Byfield, Nicholas

, a puritan divine of considerable eminence in the beginning of the seventeenth century, was the son of Richard Byfield, minister of Stratford-uponAvon, and was born in Warwickshire about the year 1579. He became a servitor of Exeter college, Oxford, in Lent term 1596, and remained at the university upwards of four years, but left it without taking a degree. He was admitted, however, into holy orders, and was soon after invited to be pastor of St. Peter’s church, Chester, which he gladly accepted, and continued there for several years, “much followed and admired,” says Wood, “by the precise party, who esteemed his preaching profitable, and his life pious.” He was a strict observer of Sunday, on which subject he preached and wrote, and this involved him in a controversy, particularly with Edward Brerewood the mathematician. (See Brerewood.) The observation of the Sabbath was at this time a subject of much controversy, and many pamphlets were written on both sides, with the warmth natural at a period of increasing religious dissension. From Chester Mr. Byfield removed, in 1615, to the vicarage of Isleworth, where he died in 1622, leaving behind him an excellent character for learning, success in his ministry, and a pious and peaceable disposition. He was the author of many popular works, which are enumerated by Wood. Of these, his “Commentary | on the First Epistle of St. Peter,” 1637, fol. and “on Colossians,” 1628, fol. are held in the highest estimation, and confirm the character which Wood, somewhat reluctantly, gives of him. Dr. Gouge, of Blackfriars, who drew up an account of his death, informs us that on his body being opened, a stone was taken out of his bladder that weighed thirty-three ounces; and was in length and breadth about thirteen inches, and solid, like a flint. A print of him was published by Richardson, in 1790, with an account of this very remarkable case. The noted Adonrram Byfield, a zealous adherent to the commonwealth revolution, was his son; and Richard Byfield, another ejected non-conformist, was his half brother; but neither had his meek, loyal, and submissive spirit. Adoniram is one of the few persons who have been, by name, stigmatized by Butler in his “Hudibras.” He was the father of Dr. Byfield, the noted Sal volatile doctor, who in his epitaph is said to be “Diu volatilis tandem Jfcms.1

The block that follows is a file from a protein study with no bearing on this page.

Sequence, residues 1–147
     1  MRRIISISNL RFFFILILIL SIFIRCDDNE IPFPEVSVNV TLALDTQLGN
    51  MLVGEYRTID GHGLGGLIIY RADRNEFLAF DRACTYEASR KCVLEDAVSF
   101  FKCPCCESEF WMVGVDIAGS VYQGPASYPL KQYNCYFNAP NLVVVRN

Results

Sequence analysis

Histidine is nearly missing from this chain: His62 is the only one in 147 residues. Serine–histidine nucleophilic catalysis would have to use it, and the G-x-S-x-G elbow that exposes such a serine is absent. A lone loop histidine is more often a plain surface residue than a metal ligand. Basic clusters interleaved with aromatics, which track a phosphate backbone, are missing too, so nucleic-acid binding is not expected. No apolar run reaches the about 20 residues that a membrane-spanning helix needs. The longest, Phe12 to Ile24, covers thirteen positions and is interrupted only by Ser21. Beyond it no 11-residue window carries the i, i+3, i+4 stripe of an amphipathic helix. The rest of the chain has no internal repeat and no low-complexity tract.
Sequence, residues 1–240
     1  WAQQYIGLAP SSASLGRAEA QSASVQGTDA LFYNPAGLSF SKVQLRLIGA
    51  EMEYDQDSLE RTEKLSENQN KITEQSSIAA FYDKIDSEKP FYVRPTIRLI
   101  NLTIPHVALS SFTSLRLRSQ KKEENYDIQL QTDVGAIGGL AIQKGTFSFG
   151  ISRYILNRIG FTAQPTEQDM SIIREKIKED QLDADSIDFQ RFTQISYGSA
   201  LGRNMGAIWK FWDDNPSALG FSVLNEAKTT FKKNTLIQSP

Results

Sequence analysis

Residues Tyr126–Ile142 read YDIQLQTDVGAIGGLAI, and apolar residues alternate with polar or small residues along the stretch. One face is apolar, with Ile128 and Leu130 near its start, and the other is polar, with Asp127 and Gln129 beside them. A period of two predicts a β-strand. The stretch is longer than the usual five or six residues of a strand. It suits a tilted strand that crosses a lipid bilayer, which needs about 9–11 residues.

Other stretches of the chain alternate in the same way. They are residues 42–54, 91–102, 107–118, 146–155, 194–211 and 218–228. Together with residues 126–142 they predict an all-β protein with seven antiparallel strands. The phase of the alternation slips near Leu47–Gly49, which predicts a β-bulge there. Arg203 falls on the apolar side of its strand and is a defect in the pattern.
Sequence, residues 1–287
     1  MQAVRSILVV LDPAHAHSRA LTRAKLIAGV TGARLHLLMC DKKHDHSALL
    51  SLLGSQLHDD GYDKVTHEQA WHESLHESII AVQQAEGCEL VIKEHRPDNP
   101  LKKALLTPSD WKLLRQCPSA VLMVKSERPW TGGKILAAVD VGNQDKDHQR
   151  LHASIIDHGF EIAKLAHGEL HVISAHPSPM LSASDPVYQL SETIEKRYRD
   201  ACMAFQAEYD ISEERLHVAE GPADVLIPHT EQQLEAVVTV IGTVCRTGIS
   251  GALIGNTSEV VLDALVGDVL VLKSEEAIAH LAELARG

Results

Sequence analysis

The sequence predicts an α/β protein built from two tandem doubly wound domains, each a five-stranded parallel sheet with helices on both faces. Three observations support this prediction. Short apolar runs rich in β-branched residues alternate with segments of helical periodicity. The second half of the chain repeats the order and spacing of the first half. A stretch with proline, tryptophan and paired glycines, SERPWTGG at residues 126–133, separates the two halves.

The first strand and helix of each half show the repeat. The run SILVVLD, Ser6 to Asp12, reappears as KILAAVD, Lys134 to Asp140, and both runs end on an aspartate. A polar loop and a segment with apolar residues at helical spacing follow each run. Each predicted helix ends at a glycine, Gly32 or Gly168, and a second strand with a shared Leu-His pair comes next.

Ath. Ox. vol. I. Ward’s Lives of the Gresham Professors. Fuller’s Worthies. Pref. to his Commentary on St. Peter. Lysons’s Environs, vol. III.